Market Cycle Correlation and Historical Returns
Given the market swings and frequent crisis periods since the turn of the century, many have come to think that the proverbial "100-year flood" of significant market shocks appears to be more akin to a 3-year flood. With these more frequent and wider market swings, the traditional buy and hold strategy may have not worked for many investors, and the belief once commonly held that markets will, on average, return approximately 7% a year, every year, is a distant memory from decades past. Since it is impossible to predict if and when consistent market returns can be expected again, preparing an investment portfolio for the worst (which many could argue was the decade of the 2000s) is worth examining.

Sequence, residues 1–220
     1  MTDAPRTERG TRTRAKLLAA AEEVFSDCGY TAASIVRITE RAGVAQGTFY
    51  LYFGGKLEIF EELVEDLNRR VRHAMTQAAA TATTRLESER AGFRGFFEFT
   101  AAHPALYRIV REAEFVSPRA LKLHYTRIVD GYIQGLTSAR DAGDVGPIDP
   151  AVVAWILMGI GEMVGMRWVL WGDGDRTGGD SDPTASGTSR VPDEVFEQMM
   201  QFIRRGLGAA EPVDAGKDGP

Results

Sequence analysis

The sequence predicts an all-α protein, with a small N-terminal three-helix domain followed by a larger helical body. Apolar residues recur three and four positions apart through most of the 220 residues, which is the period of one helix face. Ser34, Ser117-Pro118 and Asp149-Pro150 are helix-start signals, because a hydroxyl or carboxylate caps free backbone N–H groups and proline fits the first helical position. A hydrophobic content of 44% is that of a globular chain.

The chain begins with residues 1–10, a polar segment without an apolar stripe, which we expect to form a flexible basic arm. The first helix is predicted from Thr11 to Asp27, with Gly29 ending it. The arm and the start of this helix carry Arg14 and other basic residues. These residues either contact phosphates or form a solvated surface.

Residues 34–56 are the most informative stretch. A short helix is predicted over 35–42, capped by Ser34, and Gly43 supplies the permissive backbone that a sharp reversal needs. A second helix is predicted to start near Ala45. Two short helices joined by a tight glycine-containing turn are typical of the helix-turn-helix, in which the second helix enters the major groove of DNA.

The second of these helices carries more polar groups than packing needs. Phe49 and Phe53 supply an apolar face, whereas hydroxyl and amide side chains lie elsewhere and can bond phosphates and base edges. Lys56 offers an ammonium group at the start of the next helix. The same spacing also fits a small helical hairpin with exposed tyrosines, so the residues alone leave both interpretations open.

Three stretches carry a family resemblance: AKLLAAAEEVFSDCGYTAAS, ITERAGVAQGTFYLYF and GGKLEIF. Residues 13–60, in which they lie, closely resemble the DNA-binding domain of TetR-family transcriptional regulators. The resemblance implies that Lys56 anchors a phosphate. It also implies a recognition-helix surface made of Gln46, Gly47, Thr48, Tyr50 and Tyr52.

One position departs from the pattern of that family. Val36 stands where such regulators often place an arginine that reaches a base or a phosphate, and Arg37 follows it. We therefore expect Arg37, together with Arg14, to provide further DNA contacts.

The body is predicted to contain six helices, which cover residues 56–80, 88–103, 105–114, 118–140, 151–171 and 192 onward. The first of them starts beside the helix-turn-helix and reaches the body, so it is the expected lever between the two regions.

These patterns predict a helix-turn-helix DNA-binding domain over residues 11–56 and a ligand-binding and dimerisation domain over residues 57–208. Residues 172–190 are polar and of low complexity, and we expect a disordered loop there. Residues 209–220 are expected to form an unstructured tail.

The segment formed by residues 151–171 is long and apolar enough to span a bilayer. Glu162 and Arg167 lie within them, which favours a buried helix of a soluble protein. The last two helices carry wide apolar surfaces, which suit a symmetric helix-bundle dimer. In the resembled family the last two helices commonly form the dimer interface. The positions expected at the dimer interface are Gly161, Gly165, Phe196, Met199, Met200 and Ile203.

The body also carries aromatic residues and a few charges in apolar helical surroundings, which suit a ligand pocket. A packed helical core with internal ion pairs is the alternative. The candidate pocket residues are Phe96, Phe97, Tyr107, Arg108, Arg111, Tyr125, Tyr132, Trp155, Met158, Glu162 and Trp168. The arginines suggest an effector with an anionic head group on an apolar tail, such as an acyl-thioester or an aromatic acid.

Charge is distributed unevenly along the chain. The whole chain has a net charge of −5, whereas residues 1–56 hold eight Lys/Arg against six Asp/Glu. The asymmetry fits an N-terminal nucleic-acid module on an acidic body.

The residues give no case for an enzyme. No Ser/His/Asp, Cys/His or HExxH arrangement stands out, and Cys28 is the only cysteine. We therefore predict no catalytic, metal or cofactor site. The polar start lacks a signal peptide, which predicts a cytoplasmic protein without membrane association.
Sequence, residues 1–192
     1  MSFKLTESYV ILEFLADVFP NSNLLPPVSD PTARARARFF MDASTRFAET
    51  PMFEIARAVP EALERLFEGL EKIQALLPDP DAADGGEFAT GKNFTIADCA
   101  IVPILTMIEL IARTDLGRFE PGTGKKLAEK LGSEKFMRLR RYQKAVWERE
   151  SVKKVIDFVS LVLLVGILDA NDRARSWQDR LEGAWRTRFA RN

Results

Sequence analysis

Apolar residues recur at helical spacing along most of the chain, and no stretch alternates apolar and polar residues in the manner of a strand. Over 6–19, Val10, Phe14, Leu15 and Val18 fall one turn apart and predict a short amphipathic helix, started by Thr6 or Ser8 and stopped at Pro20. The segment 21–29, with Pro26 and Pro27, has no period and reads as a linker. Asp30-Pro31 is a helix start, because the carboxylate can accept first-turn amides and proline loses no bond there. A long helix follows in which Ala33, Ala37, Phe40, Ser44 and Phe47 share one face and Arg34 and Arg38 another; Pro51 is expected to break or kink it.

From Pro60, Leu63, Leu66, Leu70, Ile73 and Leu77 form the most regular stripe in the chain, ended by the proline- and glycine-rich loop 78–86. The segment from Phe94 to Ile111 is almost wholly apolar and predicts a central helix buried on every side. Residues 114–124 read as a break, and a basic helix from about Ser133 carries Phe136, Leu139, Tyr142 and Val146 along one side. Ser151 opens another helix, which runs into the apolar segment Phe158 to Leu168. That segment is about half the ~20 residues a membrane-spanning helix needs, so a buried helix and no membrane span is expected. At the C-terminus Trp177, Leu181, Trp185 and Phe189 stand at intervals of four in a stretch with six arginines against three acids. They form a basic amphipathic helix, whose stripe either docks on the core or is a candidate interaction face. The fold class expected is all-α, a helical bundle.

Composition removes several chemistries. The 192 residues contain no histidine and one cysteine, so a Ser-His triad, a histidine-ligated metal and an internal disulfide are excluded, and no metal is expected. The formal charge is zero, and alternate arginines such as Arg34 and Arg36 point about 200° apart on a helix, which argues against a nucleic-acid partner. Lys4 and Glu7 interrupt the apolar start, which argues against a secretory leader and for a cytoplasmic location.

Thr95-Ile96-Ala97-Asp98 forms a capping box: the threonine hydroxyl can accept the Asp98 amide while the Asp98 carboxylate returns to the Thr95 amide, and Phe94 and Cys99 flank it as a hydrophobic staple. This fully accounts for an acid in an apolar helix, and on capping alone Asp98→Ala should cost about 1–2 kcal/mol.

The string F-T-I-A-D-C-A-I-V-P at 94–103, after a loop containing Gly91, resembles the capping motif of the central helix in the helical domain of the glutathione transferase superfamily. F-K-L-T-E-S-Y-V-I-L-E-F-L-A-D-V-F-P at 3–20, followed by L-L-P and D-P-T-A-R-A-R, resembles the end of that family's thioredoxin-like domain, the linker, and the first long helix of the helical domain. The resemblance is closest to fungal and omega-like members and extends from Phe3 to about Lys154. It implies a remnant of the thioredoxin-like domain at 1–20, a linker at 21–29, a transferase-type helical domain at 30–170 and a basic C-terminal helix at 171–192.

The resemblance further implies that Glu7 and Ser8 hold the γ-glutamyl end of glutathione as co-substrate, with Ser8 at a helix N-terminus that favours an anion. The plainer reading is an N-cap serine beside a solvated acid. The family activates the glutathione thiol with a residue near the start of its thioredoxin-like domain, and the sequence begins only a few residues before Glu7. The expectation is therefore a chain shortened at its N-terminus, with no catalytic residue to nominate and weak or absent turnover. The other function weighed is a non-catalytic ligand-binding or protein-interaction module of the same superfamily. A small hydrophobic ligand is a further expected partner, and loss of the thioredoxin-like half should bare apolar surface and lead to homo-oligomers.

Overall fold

The following charts represent four distinct market cycles since July 2000, ranking each asset class or strategy from highest historical return to lowest return. Within each chart are gray diamonds, which show the historical correlation of each investment compared to US stocks.
Time periods 1 and 2 reflect when US stocks declined in value during the "Tech Wreck" and "Credit Crisis" that lasted from September 2000 to September 2002 and October 2007 to February 2009, respectively. US stocks are seen further to the right in both graphs, depicting a loss of nearly half their value during each time frame. In comparison, managed futures are seen at the other end of the spectrum in both graphs. During the "Tech Wreck" alone, managed futures historically experienced annualized returns of 19% and a correlation to US stocks of -0.54. As strategies drift further to the right in these time periods, historical returns decrease and historical correlation to US stocks typically increase, reflecting that they lost money in tandem with US stocks.